Floral foam adds to microplastic pollution problem: study

Floral foam inside the digestive tract of a freshwater crustacean. Image: Charlene Trestrail

As the cut flower industry hits one of its busiest periods, new RMIT research has shown that the water-absorbing green floral foam used by florists is contributing to the world’s microplastic problem.

A study published in Science of the Total Environment found the plastic foam, which breaks into tiny pieces, can be ingested by a range of freshwater and marine animals and affect their health.

Charlene Trestrail from RMIT’s Ecotoxicology Research group said the study – the first to examine the environmental effects of foam – looked specifically at the impact of this widely-used substance on aquatic animals.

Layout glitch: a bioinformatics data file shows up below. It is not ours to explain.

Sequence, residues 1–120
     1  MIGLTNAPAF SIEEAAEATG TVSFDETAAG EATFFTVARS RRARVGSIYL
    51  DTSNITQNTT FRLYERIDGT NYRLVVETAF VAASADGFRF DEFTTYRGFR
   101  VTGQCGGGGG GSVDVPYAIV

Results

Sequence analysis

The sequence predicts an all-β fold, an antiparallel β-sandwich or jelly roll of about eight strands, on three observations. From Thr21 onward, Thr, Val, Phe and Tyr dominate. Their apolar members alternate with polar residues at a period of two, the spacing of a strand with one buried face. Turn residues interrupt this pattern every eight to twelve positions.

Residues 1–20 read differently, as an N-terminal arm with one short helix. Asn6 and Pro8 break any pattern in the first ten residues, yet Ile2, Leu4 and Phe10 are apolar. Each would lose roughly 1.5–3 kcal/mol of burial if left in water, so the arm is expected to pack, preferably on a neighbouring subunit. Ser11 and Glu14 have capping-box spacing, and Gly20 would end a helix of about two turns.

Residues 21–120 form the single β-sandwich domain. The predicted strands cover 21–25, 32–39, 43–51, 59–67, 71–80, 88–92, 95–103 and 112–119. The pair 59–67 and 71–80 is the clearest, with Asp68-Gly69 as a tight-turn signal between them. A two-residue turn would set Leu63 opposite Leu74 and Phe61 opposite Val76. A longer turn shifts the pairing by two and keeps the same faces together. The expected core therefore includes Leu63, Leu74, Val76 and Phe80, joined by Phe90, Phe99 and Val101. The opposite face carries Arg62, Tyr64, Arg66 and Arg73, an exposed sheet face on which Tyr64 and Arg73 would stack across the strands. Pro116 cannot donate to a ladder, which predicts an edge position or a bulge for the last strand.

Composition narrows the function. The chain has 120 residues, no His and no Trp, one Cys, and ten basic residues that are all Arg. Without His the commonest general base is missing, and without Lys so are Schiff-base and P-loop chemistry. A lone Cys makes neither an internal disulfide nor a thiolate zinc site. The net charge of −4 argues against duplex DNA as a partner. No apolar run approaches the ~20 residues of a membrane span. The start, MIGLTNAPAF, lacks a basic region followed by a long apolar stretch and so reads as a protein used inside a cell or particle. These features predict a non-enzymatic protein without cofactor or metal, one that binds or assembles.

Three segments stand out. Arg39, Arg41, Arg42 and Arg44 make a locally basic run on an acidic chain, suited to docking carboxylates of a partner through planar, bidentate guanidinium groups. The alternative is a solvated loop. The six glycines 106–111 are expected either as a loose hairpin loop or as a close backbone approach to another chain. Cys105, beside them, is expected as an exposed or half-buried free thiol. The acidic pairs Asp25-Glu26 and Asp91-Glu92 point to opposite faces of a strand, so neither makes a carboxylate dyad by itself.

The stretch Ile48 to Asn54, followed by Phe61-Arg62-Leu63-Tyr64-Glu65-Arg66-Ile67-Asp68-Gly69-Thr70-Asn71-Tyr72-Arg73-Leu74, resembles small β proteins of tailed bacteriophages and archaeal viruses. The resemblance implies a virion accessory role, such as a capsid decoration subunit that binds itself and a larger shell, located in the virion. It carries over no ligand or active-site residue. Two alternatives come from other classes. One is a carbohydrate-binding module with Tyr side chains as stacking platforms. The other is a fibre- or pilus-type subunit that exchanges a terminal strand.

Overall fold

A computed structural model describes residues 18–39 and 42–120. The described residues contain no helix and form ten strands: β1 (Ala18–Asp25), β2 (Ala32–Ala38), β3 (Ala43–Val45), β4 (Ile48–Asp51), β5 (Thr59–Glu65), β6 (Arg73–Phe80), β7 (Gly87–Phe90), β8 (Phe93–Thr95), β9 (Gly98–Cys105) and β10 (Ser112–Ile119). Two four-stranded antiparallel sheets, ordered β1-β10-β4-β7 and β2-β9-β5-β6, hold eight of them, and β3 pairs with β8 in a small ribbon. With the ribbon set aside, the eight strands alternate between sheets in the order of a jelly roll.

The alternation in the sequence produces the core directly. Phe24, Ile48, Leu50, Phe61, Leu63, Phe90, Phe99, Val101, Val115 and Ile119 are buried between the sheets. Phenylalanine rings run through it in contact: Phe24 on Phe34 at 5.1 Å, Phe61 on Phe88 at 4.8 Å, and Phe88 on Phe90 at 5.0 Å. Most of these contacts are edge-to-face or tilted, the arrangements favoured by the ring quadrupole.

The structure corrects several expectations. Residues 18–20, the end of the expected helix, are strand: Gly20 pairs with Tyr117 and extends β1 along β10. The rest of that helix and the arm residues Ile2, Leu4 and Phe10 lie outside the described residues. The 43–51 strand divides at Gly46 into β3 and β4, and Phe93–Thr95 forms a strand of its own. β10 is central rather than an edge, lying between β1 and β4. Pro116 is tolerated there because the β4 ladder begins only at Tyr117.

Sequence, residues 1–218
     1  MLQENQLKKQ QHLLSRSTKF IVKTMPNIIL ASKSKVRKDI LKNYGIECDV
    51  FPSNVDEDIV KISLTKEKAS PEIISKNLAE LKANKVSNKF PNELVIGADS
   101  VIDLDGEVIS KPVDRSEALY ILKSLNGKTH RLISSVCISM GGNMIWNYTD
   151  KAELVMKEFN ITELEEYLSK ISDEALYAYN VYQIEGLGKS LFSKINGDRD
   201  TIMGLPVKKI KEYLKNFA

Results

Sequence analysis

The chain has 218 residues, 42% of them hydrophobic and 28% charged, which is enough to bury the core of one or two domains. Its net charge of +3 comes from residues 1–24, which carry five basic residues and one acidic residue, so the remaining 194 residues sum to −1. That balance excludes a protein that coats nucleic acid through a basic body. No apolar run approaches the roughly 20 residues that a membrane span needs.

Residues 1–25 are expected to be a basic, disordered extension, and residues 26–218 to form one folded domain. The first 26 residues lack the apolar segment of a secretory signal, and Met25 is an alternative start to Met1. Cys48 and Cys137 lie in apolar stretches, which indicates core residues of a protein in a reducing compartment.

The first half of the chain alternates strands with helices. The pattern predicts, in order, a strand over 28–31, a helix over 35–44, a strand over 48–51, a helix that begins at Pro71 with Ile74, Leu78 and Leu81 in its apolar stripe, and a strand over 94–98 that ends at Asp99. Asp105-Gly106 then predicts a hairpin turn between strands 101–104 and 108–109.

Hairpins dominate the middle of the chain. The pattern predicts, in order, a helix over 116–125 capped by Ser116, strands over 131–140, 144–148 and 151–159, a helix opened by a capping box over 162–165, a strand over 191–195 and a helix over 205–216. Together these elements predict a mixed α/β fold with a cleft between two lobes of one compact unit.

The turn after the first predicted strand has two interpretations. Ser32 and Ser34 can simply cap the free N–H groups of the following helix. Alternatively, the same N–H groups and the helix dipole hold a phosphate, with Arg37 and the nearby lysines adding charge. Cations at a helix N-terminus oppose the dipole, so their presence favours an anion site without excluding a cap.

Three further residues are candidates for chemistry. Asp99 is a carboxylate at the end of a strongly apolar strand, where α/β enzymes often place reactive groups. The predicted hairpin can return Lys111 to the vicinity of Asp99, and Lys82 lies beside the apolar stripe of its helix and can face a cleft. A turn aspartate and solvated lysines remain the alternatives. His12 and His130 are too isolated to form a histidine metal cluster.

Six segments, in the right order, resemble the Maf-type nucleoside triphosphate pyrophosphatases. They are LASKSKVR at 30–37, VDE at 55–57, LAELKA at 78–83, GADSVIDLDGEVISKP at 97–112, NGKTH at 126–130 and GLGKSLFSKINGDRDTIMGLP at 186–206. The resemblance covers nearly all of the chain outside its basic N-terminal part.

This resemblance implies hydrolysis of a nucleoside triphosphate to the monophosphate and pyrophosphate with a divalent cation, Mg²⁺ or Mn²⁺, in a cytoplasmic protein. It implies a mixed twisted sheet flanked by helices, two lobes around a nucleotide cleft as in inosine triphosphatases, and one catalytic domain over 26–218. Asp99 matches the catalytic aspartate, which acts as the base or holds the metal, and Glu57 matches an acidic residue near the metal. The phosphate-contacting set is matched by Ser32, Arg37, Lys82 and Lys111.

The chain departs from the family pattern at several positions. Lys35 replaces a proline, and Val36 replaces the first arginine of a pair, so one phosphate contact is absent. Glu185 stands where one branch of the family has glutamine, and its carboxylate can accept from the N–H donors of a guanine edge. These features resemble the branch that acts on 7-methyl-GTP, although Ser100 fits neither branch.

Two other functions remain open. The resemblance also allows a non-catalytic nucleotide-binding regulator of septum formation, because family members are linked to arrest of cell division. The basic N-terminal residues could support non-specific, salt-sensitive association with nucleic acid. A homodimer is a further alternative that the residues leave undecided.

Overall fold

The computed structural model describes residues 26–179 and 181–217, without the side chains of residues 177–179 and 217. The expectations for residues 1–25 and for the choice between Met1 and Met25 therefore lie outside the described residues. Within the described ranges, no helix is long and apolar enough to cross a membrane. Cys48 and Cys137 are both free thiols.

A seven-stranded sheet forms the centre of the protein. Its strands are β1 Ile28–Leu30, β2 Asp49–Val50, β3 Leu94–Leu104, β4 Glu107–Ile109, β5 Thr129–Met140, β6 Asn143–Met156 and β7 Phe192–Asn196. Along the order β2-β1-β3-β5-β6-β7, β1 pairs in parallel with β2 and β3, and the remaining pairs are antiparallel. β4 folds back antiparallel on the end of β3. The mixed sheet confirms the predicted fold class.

“We tested a range of invertebrates with different feeding modes and all animals ingested the foam, with some species demonstrating stress responses as a result of consuming the material,” said Trestrail, a PhD researcher in the School of Science.

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